Exploring the history of Phoenix, Arizona, just for fun. Advertising-free, supported by my patrons on Patreon. Thank you!

Being an adolescent in old-time Phoenix

As someone who is drifting into his senior years now (and has been for some time), I often think how nice it would to be young again. I picture myself playing on the teeter-totter as a kid, or even starting at my first real job after I graduated from college. But I'd rather not be an adolescent again, thank you very much. I don't know about you, but those years for me were more than just gawky, they were embarrassing, painfully so. I remember my voice breaking at the worst possible times, and I don't even want to think about what the girls had to go through! And so today I'm thinking of how it would have felt to have been at that age - we'll say about 14ish, in old-time Phoenix. Come on, let's go!

Well, hello, Stinky! I didn't recognize you here at the stables, standing next to that horse. Yes, I realize that he's facing the other way. What? No, I've just been here all day, shoveling. What's that you have on your face? Manure?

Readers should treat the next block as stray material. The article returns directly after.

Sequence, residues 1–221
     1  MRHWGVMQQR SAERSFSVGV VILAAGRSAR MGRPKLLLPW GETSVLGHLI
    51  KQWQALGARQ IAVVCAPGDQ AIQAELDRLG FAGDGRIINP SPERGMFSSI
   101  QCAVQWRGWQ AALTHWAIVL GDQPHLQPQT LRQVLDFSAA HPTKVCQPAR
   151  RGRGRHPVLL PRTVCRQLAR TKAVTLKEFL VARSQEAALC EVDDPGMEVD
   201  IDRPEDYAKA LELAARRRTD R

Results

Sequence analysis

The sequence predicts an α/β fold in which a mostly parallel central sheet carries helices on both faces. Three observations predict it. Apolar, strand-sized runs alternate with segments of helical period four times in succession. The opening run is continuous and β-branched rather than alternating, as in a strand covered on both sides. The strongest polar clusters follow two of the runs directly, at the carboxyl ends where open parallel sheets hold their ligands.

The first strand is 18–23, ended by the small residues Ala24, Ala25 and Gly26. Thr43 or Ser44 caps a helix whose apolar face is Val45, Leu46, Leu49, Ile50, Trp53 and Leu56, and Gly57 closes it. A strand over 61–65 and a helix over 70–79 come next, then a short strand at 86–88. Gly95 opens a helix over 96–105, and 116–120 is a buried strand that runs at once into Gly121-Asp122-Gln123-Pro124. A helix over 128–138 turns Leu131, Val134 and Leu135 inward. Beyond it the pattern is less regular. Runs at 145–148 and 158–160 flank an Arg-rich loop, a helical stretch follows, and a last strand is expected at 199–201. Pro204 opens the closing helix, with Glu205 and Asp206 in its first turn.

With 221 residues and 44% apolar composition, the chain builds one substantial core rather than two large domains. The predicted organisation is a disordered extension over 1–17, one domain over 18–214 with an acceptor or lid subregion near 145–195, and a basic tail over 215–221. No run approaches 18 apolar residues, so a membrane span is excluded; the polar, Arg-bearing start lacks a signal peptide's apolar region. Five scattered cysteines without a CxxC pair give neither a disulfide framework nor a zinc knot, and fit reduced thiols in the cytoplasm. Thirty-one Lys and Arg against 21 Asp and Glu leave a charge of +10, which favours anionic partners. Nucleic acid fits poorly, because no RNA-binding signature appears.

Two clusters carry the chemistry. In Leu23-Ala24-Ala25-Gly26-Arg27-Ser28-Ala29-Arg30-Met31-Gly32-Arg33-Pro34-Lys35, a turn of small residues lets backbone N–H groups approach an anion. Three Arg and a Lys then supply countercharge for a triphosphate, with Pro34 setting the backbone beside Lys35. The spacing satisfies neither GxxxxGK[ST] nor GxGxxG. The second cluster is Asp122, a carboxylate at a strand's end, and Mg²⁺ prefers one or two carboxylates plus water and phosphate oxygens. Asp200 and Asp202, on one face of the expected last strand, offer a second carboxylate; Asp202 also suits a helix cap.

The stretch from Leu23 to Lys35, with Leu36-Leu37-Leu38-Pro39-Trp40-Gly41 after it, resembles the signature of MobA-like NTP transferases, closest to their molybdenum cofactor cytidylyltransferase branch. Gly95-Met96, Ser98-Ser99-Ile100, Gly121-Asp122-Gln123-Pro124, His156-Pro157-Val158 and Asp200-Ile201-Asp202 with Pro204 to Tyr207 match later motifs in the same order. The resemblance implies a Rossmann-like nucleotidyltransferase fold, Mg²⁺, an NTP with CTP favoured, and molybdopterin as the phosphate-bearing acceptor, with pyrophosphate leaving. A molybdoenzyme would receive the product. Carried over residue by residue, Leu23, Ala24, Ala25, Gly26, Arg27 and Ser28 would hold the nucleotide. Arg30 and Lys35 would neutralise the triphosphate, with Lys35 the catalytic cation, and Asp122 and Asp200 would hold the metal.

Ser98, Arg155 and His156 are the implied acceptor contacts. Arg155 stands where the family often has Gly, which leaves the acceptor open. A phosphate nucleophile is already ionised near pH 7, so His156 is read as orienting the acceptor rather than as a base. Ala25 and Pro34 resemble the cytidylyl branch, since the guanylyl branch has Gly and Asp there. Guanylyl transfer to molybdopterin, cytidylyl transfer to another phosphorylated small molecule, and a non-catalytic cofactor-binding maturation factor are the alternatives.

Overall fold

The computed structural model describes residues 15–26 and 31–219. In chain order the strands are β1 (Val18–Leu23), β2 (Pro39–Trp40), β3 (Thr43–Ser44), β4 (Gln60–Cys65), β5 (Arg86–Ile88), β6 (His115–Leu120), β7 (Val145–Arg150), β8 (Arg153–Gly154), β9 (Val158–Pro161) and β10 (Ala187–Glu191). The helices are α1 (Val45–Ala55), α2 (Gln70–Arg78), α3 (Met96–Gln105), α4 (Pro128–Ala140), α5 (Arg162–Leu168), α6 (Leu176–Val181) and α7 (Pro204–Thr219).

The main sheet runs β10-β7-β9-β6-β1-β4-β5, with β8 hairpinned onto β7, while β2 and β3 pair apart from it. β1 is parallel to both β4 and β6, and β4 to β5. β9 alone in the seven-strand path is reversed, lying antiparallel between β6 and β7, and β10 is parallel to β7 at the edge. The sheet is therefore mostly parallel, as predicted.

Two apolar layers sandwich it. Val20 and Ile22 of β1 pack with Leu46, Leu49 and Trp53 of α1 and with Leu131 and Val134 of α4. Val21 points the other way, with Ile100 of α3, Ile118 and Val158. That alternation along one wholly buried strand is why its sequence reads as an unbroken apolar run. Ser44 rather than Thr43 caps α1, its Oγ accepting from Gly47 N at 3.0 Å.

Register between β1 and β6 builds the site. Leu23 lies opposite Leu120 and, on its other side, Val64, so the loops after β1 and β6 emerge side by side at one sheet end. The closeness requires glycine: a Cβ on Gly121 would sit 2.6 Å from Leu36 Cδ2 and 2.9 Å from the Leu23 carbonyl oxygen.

Oh, I see. You read somewhere that putting manure all over your face would clear up your pimples, and make you more attractive to girls. I think you're better off with the pimples. And besides, I think that the prettiest girl in school is sweet on you!

Yep, I understand that Darlene has always yearned for you. I heard it from a friend who heard it from a friend. Cross my heart and hope to die! Actually, I have my fingers crossed behind my back, I'm sure that she has no idea who you are. Me, either.

What are you looking at? Yes, I'm taller than you now. I think I must have grown a foot taller this past summer. Yes, mostly in my neck.

You know, I'm hungry again. It must have been a half-hour since I ate last. Let's go over to the bakery and see if they have anything that they'd give us, sometimes they throw away pies. I think I could eat about a dozen pies, how about you?

Image at the top of this post: the Golden Eagle Stables in the 1890s, 2nd Street and Washington, Phoenix, Arizona.

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